As a prosecutor in heavily white Minnesota, Amy Klobuchar declined to go after police involved in fatal encounters with black men

As chief prosecutor for Minnesota’s most populous county from 1999 to 2007, Klobuchar declined to bring charges in more than two dozen cases in which people were killed in encounters with police.

At the same time, she aggressively prosecuted smaller offenses such as vandalism and routinely sought longer-than-recommended sentences, including for minors. Such prosecutions, done with the aim of curbing more serious crimes, have had mixed results and have been criticized for their disproportionate effect on poor and minority communities.

Michelle Gross, a local activist who launched Communities United Against Police Brutality in 2000, said incidents with police caused a total of 40 civilian deaths during Klobuchar’s tenure. The Post counted more than 25 such cases in a review of news coverage from the time; the majority of those killed were people of color or mentally ill.

“She did not prosecute a single one of them,” Gross said. “Not one.”

…Her campaign noted that the prison incarceration rate for African Americans in the county declined during her tenure, though experts said that did little to ameliorate a dramatic disparity between black and white prison rates.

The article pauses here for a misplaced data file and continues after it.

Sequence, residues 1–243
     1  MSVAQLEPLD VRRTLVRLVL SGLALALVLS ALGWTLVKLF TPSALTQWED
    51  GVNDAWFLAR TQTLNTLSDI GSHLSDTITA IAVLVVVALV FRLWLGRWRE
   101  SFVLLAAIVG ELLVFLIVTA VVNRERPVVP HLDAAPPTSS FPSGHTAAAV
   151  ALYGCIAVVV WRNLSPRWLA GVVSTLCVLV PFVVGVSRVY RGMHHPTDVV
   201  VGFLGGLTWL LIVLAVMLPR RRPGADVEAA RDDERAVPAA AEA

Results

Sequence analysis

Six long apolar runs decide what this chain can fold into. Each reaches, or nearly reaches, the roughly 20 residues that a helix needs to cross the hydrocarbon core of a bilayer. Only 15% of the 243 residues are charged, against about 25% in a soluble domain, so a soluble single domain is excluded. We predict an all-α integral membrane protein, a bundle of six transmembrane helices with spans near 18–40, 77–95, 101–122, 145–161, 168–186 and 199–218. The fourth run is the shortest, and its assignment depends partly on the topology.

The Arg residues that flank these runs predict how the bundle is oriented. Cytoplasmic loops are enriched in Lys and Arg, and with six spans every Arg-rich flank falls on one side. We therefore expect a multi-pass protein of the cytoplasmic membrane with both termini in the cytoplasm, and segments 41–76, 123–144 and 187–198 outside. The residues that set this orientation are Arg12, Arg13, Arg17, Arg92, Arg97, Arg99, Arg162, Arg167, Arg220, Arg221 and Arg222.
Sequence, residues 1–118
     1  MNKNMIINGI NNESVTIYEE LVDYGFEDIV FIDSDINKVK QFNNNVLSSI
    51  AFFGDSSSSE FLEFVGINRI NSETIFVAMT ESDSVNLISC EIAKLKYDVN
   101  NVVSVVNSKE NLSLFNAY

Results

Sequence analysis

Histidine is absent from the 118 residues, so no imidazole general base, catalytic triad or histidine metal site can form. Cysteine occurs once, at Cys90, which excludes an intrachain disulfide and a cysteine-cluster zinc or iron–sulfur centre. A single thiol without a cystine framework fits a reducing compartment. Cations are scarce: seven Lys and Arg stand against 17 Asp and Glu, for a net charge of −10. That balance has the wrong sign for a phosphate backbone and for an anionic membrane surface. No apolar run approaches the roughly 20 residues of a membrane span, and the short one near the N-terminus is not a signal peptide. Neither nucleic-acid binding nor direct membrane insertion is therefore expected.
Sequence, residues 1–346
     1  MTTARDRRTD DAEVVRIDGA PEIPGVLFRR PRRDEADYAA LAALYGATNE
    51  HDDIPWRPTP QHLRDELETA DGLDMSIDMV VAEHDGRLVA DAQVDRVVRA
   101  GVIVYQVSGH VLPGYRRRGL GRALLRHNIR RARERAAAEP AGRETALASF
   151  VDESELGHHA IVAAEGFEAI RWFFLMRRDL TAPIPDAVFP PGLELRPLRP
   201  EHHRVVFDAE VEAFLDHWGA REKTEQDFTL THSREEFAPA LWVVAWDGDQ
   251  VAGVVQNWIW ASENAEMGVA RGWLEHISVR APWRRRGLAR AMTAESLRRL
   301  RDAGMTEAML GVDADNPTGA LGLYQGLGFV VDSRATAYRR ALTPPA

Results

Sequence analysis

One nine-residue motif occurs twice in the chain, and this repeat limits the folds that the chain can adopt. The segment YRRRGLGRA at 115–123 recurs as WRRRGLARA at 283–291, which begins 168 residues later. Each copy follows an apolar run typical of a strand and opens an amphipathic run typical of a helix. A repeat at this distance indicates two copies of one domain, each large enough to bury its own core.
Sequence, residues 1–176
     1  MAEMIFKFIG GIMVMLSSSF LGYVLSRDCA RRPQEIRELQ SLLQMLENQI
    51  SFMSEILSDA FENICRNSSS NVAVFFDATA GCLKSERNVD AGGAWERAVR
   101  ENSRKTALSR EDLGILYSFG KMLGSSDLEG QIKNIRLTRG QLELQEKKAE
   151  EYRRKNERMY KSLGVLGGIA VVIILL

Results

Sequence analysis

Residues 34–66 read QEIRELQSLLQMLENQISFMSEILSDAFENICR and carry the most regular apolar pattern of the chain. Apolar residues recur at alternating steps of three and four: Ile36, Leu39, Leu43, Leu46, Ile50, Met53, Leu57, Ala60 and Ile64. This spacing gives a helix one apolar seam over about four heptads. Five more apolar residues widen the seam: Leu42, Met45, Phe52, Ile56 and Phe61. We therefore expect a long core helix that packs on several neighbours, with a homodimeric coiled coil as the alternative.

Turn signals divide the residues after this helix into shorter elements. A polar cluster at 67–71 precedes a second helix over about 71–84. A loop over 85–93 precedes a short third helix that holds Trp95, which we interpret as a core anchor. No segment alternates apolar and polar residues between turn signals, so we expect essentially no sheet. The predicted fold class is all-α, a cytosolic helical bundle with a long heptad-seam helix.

During her campaign, Klobuchar vowed a zero-tolerance approach toward nonviolent crimes by young people, including petty theft and vandalism.

“The broken windows theory is correct,” she wrote in a 1998 candidate statement, embracing the policing theory popularized by then-New York City Mayor Rudolph W. Giuliani and his police commissioner, William Bratton, in the mid-1990s. The idea was that cracking down on minor offenses can prevent more serious crimes.

In the interview with The Post, Klobuchar acknowledged that her rhetoric about not letting juvenile crime “go unpunished” might have been perceived as harsh by some African Americans but said her actions were directed by what county residents wanted.

“I understand how those words mean something that is not good in the African American community. It makes it sound like you want to put their kids behind bars, and that is not what I did when I was county attorney,” she said. [Um, clearly she did NOT understand. Or, at best, she simply did not think it was important enough to weigh into her decisions.]

…Reflecting on Klobuchar’s tough-on-crime record, some experts said she would have had limited awareness of the impact of her policies on African Americans. [Or she simply chose to ignore it. Emphasis: peanut gallery]

…Jeff Hayden, a Democratic state senator in Minnesota who is African American and a friend of Klobuchar’s, said he “wouldn’t disagree” with critics that race relations “hasn’t been something that’s been her focus in Minnesota.”

As a prosecutor in heavily white Minnesota, Amy Klobuchar declined to go after police involved in fatal encounters with black men – The Washington Post

Not wanting to rock the boat is a bad look sometimes.

Taking conventional wisdom as gospel and not thinking through for yourself is not the mark of a leader.

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